Monday, July 14, 2008

Frozen embryos 'make healthier babies than fresh ones'

LOL. This is at least believable. It would have to be a pretty tough little embryo to survive freezing

IVF babies born from embryos that are frozen and thawed are less likely to be underweight or premature than those conceived during fresh treatment cycles, research has shown. The findings show that the use of frozen embryos could soon be accepted as completely safe, doctors said.

Another team of researchers told the European Society of Human Reproduction and Embryology conference in Barcelona that IVF success rates could be improved by as much as 15 per cent with a "viability index" for selecting embryos with the best chance of a healthy pregnancy.

The Danish study into frozen embryos found that the average birth weight of those babies was 200g more than in fresh-embryo IVF. The findings, from a team led by Anja Pinborg, of the Copenhagen University Hospital, are important because women are increasingly encouraged to use one fresh embryo - to avoid multiple births - and to freeze any others produced in the process for later use. Dr Pinborg said it was highly unlikely that freezing improved the health of embryos. The figures could be explained because patients who froze embryos were generally young women with a good prognosis. Poor quality embryos were also more likely to die during the thawing process.

"These findings are reassuring," she told the European Society of Human Reproduction and Embryology conference in Barcelona. "If our results continue to be positive, frozen embryo replacement can be accepted as a completely safe procedure, which can be used even more frequently."

Scientists from Yale University told the conference that overall IVF success rates could be improved by as much as 15 per cent by a new "fitness test" that can predict which IVF embryos will implant into the womb up to 70 per cent of the time. The non-invasive procedure examines chemical fingerprints in the culture media in which they grow in the laboratory. Scientists said the technology, known as metabolomics, should be ready for widespread use within two to three years, and predicted that the viability index could become a routine part of fertility treatment.

Denny Sakkas, who is leading the research, said: "The other side of IVF is that we probably fail to get patients pregnant about two thirds of the time we do an embryo transfer. One of the reasons is we're not that good at picking the best embryo we have available. "In the clinic, we would probably be looking at a 10 to 15 per cent improvement in pregnancy rates. "It's not going to make a bad embryo good, but it should help us to tell them apart. This definitely could make the difference between people getting pregnant or not."

The average success rate for IVF in Britain is 21.6 per cent across women of all ages, and 29.6 per cent for women under 35.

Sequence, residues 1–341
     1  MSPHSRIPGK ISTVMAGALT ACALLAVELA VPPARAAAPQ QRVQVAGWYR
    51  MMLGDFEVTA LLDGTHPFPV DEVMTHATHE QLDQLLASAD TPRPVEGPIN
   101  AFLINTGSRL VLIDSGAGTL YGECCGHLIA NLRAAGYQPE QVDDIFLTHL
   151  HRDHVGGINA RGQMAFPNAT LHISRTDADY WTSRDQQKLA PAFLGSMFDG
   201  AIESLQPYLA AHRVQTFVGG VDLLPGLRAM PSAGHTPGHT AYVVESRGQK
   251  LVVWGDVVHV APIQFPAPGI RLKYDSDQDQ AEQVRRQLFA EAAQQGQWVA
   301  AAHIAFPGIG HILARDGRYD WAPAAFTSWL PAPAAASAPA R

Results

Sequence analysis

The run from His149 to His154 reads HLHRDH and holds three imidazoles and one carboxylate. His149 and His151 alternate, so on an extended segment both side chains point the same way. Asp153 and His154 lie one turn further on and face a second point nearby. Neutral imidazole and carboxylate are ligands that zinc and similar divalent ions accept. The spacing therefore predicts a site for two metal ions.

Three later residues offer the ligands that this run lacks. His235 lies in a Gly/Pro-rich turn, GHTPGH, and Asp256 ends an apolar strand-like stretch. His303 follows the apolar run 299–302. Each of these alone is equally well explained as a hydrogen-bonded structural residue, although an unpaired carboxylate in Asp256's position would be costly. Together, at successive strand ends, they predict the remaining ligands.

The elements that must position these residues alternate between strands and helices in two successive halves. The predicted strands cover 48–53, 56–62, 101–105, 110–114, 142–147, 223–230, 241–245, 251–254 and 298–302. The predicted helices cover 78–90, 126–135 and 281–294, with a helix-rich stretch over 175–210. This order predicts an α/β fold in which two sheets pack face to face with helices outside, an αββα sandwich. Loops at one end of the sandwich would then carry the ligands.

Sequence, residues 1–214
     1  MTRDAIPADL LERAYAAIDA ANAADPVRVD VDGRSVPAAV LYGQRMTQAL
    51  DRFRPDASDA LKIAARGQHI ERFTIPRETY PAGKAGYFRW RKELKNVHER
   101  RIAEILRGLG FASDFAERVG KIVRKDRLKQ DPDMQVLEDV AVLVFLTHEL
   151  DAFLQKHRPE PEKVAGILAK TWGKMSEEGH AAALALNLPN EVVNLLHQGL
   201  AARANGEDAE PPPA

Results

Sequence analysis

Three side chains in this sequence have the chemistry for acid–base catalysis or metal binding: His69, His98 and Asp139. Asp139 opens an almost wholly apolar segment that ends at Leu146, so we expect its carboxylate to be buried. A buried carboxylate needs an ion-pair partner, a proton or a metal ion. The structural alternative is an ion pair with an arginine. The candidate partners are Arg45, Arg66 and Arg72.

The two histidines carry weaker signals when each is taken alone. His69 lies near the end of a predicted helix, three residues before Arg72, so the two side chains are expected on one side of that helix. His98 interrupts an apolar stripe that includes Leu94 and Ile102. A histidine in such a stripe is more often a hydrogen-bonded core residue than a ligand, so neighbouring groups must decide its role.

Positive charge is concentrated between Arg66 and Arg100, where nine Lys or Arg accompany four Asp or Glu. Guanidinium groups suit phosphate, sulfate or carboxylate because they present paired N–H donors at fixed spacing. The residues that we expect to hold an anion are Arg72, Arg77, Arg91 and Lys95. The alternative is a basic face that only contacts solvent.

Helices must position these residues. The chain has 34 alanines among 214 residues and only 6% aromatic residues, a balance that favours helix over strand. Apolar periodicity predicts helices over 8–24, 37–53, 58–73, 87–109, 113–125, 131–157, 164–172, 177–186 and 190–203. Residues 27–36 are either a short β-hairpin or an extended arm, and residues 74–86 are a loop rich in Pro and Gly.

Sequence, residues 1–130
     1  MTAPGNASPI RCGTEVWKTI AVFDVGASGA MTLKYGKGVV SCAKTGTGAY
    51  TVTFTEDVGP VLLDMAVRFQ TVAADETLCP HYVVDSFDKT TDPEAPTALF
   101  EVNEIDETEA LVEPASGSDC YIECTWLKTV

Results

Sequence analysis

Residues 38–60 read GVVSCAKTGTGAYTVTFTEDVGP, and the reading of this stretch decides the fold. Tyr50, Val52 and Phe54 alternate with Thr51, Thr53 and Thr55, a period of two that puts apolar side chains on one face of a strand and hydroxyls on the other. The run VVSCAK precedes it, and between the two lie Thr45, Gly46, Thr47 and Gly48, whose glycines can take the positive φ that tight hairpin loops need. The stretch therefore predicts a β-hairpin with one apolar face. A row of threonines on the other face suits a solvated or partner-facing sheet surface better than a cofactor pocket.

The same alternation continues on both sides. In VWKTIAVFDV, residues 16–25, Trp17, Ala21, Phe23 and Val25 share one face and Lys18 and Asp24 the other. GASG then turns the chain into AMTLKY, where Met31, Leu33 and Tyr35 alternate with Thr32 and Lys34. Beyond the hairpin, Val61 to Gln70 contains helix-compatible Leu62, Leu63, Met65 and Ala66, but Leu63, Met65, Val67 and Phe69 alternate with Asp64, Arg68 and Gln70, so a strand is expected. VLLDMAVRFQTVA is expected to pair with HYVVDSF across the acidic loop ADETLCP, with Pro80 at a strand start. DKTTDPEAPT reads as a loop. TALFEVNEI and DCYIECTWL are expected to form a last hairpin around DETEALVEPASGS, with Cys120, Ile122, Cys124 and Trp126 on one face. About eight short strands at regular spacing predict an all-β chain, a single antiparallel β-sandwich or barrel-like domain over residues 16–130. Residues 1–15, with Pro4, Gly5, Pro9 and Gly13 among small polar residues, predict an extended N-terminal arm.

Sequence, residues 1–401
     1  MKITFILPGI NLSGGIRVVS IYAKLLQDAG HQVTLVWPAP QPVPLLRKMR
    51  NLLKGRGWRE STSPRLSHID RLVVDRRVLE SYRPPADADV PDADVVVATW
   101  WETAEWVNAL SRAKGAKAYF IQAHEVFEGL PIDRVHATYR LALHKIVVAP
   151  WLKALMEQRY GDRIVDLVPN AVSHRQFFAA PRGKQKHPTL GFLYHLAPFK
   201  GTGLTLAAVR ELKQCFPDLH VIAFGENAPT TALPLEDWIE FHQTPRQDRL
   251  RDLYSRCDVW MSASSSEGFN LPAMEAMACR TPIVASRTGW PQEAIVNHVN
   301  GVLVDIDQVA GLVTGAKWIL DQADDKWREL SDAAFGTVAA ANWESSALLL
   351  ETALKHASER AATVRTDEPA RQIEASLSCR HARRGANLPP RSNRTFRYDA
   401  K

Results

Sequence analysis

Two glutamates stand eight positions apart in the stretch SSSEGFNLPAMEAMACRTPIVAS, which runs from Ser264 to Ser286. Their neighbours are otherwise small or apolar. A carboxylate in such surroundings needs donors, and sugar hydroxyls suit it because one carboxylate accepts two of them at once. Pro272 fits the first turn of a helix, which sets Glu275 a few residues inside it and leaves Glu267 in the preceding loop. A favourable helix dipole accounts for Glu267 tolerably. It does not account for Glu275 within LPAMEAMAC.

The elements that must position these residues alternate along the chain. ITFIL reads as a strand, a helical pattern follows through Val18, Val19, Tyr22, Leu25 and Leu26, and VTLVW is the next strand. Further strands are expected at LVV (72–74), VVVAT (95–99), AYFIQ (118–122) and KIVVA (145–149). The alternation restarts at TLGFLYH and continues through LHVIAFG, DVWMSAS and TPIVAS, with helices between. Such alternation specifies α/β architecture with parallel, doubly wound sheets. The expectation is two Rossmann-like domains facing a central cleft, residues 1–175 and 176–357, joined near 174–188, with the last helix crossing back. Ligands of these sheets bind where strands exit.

Patients to grow spare body parts

HEART disease patients could grow "spare body parts" with a radical technique being developed by Melbourne engineers. Swinburne University scientists are poised to put on trial world-first technology that may see entire organs cultivated from just a few human cells. First on the agenda are heart valves that Prof Yosry Morsi believes his team can grow - and have transplanted into humans - within five years. The breakthrough may help up to 6000 Australians a year, revolutionising the surgery that repaired Prime Minister Kevin Rudd's heart about 15 years ago.

Prof Morsi said he believed that the technique might make artificial valves and "tissue" versions from humans, pigs and cows redundant. "We are trying to copy nature," he said. "We'd be using a patient's own cells, so their body is not going to react it."

The key to the technique, which could be tested on animals within a year, is "scaffolding" modelled on a patient's real heart. A cell from the patient's heart is put into the scaffolding, which is left in a machine that simulates human heart conditions. Cells multiply, growing into a replica of the original within 12 weeks. "While we are creating this living tissue, we are subjecting it to exactly the sort of pressures it will be under (in the body), like the pressure of blood flow," Prof Morsi said.

Though other scientists around the world are also in the race to successfully "grow" human organs, it is Swinburne's techniques that put it on track for the big breakthrough.

Prof Frank Rosenfeldt, head of The Alfred's cardiac surgical research unit, said Prof Morsi's work could revolutionise the common but complicated operation. "If a human heart valve can be grown using the patient's tissues, this would be a great advantage," he said. "It would be a living tissue, which might even regenerate and repair itself."

Like Mr Rudd, Melbourne grandfather Bill Wade was given a tissue valve and is enjoying a new lease on life. He was transplanted with a pig's valve - Mr Rudd had a human donor - at The Alfred in February. "I'm happy with this, and they've said it will last 10 to 15 years before I need a replacement, maybe longer," said Mr Wade, from Sandringham. "But if I had the choice (to grow) my own valve, that would just be amazing."


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